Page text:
Families often ask, “How’s the creatinine doing?” Creatinine is a toxin and waste product that the kidneys remove and so a creatinine higher than the normal range indicates the kidneys are damaged and cannot filter solutes and toxins.  When a patient is treated with CRRT, the machine removes waste products and toxins and so the creatinine levels become lower and in the normal range. But this does not reflect what the patient’s kidneys are doing.  Therefore, I first teach families to focus on how much urine the patient is making. Once a patient is making more than 500 ml to 1,000 ml of urine a day, we can test the urine to see if it is actually filtering out the toxins, indicating that the kidneys are trying to recover.  Once the kidneys are able to filter the waste products so they do not build up to dangerous levels in the body, dialysis can be discontinued.

Families will also say, “They’re not drinking anything. That’s why they’re not making urine.” I explain that once the tubules in the kidney are damaged and not working, giving more fluids isn’t going to help and can make things worse. Even if dehydration was a cause of the original injury, it’s not dehydration anymore once the tubules are damaged. Furthermore, patients are still getting fluids from intravenous medications and nutrition. If the kidneys have shut down, the excess fluid has nowhere to go and accumulates in the body leading to fluid in the lungs, swelling of the body and even heart issues.

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It may take three months or longer to recover from acute renal failure. If you have healthy kidneys before entering the hospital, you have a greater than 90% chance of recovering. If you already have chronic kidney damage, you are less likely to recover.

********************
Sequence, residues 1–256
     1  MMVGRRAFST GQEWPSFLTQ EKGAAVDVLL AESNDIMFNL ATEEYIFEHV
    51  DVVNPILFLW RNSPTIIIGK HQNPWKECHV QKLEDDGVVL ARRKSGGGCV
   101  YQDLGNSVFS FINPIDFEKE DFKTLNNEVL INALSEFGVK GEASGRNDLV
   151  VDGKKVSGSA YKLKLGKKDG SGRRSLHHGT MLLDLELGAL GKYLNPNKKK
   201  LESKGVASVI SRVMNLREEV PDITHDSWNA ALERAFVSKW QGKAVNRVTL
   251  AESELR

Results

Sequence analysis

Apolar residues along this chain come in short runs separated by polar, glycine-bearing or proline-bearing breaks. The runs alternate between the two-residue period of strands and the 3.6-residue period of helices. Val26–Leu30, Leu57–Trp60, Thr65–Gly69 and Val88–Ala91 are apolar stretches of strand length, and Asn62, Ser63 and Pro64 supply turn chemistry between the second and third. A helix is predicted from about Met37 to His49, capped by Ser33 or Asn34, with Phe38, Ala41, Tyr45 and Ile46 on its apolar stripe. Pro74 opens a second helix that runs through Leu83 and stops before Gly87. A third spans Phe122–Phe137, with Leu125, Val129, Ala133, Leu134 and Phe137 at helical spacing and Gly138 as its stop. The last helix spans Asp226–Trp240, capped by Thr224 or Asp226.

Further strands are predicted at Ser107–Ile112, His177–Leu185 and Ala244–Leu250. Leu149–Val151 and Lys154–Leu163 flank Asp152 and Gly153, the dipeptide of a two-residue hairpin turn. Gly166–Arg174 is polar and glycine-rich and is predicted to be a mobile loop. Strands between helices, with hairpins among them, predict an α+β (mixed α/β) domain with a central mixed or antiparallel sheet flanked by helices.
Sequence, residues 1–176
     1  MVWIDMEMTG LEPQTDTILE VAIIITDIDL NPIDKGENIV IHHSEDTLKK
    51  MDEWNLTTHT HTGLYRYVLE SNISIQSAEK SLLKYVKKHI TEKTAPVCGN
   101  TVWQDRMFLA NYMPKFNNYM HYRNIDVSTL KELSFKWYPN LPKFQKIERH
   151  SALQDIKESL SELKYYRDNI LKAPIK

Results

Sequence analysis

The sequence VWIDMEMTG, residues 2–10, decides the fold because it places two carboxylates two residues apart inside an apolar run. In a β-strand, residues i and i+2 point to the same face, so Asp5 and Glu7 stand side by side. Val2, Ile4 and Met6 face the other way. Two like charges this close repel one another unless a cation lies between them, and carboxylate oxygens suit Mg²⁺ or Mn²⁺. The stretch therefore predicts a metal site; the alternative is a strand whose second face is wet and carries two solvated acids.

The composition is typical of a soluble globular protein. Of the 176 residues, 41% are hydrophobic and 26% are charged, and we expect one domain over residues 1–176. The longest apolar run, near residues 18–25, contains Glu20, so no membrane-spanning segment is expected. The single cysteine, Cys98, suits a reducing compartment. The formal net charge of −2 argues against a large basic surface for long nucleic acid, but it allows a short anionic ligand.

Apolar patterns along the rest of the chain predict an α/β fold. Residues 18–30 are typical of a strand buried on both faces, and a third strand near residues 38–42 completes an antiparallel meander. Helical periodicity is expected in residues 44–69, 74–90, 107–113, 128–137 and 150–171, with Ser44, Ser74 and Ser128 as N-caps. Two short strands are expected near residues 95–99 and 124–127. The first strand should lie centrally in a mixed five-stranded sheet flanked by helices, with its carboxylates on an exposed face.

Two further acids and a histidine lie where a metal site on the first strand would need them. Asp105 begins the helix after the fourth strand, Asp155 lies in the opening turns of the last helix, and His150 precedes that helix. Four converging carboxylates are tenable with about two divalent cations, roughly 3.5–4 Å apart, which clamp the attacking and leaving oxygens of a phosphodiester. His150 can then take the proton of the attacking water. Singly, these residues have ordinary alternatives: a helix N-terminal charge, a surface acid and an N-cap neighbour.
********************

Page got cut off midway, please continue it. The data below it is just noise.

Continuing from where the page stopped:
So how can I keep my kidneys healthy?

I always tell my patients to stay hydrated. Many medications that are normally safe become dangerous to your kidneys when you are dehydrated and the blood supply to the kidneys decreases. Examples are ACE inhibitors and ARBs, two common heart medications used for blood pressure control and both heart and kidney issues.

If you are dehydrated, even something as simple as ibuprofen can shut down your kidneys. Many medical conditions such as high blood pressure and poorly controlled diabetes can permanently damage the kidneys as well.  As a result, it is very important to keep high blood pressure and diabetes controlled.


What else do your patients or families want to know?

Family members always ask, “Can I just give my kidney right now for a transplant?” Unfortunately, in the state the patient is in to be in the ICU, they would not survive a transplant operation. I tell them, “If they don’t get their kidney function back in three months, then we’ll consider kidney transplantation. Right now, they need to recover.”


You also do research on CRRT — what are the questions that need to be answered?

Because we have so much experience with CRRT at UAB, we help set what the research agenda should be. Right now, that is looking at the most appropriate dose of CRRT and early versus late initiation of the therapy.